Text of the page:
abstract = "Ovarian cancer is the leading cause of death from gynecological malignancies. Understanding the biology of these tumors, as well as treatment modalities, has been challenging. The opioid growth factor (OGF; [Met 5]-enkephalin) and the OGF receptor (OGFr) form an endogenous growth-regulating pathway in homeostasis and neoplasia. In this investigation, we examined the relationship of the OGF-OGFr axis to ovarian cancer, and defined its presence, function, and mechanisms. Using OVCAR-3 and SKOV-3 ovarian cancer cell lines, we found that OGF and OGFr were present and functional. Exogenous OGF was observed to have a dose-dependent, serum-independent, reversible, and receptor-mediated inhibitory action on cell proliferation that was dependent on RNA and protein synthesis. The repressive effect of OGF on cell proliferation also was observed in SW626, CAOV-3, and HEY ovarian cancer cell lines. Endogenous OGF was found to be constitutively produced and tonically active on cell replicative activities, with neutralization of this peptide accelerating cell proliferation. Silencing of OGFr using siRNA technology stimulated cell replication, documenting its integral role. The mechanism of OGF-OGFr action on DNA synthesis was related to the cyclin-dependent kinase inhibitory pathway because knockdown of p16 or p21 in OVCAR-3 cells, and p21 in SKOV-3 cells, eliminated OGF's inhibitory effect on growth. These data are the first to report that the OGF-OGFr system is a native biological regulator of cell proliferation in human ovarian cancer. This information will be important in designing treatment strategies for this deadly disease.",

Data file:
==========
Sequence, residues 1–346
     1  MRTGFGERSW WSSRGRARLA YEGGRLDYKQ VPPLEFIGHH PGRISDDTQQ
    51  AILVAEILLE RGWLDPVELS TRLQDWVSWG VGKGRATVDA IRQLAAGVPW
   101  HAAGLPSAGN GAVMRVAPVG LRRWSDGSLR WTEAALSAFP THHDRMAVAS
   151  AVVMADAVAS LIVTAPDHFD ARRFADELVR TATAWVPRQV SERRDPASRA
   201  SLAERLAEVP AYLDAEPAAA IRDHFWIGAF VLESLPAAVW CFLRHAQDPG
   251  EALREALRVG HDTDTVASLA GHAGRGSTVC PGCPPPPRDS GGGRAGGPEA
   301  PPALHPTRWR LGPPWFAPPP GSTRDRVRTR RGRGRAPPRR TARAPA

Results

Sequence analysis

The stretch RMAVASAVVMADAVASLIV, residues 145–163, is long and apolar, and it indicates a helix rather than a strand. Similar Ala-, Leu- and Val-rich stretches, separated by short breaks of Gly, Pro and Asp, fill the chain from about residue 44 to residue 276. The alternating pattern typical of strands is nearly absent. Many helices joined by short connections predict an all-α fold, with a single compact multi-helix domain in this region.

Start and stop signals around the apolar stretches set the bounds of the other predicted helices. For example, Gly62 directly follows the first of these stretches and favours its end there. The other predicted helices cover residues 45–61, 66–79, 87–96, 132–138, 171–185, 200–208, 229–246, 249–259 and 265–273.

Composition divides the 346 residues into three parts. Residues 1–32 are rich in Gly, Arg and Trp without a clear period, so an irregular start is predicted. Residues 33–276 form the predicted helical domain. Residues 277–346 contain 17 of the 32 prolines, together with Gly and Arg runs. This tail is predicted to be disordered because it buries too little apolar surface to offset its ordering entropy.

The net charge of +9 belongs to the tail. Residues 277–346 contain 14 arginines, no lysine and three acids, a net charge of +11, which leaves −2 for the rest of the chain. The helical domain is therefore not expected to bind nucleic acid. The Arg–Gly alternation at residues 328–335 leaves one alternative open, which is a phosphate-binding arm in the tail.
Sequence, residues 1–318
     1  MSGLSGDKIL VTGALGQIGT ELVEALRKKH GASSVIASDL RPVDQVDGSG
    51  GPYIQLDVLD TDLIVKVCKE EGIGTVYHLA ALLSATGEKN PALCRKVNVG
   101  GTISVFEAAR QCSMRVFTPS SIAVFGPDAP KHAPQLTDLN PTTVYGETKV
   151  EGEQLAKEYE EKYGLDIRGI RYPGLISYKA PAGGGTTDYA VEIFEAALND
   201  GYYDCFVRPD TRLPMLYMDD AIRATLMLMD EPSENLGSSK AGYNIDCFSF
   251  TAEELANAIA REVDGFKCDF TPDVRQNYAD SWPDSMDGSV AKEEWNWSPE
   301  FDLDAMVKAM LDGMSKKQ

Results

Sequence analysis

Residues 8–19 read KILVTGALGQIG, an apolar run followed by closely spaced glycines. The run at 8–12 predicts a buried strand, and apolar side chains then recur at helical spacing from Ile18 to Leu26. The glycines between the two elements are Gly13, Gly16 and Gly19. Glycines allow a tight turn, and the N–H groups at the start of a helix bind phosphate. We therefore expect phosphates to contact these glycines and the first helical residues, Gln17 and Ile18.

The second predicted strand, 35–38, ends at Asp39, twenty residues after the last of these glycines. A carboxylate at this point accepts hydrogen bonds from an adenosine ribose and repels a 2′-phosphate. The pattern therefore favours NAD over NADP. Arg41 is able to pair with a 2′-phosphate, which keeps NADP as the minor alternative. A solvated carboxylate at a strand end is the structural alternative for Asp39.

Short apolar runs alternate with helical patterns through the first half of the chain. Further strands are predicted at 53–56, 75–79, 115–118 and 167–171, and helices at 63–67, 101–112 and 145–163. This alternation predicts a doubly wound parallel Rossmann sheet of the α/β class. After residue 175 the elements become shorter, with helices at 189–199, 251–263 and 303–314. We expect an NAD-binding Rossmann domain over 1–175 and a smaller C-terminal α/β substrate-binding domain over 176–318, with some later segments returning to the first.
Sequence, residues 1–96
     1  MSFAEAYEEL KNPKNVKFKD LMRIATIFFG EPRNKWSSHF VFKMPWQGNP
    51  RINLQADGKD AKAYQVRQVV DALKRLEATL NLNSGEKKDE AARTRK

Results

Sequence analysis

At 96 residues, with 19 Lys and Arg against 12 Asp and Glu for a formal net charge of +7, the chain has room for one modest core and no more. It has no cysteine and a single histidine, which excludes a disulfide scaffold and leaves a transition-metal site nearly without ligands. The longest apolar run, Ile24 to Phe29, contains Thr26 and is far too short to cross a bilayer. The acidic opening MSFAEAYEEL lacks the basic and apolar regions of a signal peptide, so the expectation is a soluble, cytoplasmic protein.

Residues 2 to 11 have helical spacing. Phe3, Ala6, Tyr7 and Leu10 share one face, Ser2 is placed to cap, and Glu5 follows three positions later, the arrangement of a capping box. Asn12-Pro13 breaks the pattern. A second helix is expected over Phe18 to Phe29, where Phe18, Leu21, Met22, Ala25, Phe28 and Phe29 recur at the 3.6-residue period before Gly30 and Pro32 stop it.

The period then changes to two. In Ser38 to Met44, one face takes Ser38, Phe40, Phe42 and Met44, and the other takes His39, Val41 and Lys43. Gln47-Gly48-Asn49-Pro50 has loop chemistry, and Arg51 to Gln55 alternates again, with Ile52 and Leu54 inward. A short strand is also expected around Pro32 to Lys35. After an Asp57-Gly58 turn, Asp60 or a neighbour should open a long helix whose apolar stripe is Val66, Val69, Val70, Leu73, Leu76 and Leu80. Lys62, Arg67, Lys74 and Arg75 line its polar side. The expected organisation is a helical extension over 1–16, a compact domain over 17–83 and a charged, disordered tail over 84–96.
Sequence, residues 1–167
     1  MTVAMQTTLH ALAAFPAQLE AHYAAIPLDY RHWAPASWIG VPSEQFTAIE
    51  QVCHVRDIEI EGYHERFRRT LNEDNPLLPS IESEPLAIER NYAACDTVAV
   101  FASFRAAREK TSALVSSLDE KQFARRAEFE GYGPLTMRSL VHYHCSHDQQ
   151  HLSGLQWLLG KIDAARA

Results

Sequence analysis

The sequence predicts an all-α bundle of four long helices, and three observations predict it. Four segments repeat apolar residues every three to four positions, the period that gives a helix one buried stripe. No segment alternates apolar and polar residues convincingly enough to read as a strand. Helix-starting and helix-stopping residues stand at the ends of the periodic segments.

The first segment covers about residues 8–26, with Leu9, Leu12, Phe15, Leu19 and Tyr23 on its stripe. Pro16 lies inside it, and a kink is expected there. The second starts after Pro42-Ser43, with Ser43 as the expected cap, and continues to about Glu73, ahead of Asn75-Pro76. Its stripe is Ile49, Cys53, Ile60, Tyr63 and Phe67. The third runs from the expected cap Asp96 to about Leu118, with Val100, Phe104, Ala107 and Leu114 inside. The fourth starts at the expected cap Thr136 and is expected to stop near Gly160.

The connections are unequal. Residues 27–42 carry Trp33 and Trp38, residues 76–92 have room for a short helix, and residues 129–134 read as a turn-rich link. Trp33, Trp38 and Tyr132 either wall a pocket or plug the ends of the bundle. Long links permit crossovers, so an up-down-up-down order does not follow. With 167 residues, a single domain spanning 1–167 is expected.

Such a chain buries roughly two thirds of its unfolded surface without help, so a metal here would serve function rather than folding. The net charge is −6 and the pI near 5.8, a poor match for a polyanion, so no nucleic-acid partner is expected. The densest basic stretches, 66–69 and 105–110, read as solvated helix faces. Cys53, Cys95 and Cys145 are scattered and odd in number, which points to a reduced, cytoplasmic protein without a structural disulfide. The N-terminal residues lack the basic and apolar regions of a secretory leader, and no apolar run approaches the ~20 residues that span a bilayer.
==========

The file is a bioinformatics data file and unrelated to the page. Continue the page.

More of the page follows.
author = "Donahue, {Renee N.} and Patricia McLaughlin and Ian Zagon",
year = "2009",
month = "6",
day = "1",
doi = "10.1152/ajpregu.00075.2009",
language = "English (US)",
volume = "296",
journal = "American Journal of Physiology",
issn = "0363-6119",
publisher = "American Physiological Society",
number = "6",

}

TY - JOUR

T1 - Cell proliferation of human ovarian cancer is regulated by the opioid growth factor-opioid growth factor receptor axis

AU - Donahue, Renee N.

AU - McLaughlin, Patricia

AU - Zagon, Ian

PY - 2009/6/1

Y1 - 2009/6/1